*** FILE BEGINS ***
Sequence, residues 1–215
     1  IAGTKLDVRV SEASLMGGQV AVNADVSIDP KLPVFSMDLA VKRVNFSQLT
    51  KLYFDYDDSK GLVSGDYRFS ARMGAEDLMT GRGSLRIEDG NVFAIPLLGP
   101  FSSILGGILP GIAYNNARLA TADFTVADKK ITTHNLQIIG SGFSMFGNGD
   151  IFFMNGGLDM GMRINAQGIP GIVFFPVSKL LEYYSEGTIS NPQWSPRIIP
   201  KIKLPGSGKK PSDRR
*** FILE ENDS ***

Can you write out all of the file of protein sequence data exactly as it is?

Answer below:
Sequence, residues 1–215
     1  IAGTKLDVRV SEASLMGGQV AVNADVSIDP KLPVFSMDLA VKRVNFSQLT
    51  KLYFDYDDSK GLVSGDYRFS ARMGAEDLMT GRGSLRIEDG NVFAIPLLGP
   101  FSSILGGILP GIAYNNARLA TADFTVADKK ITTHNLQIIG SGFSMFGNGD
   151  IFFMNGGLDM GMRINAQGIP GIVFFPVSKL LEYYSEGTIS NPQWSPRIIP
   201  KIKLPGSGKK PSDRR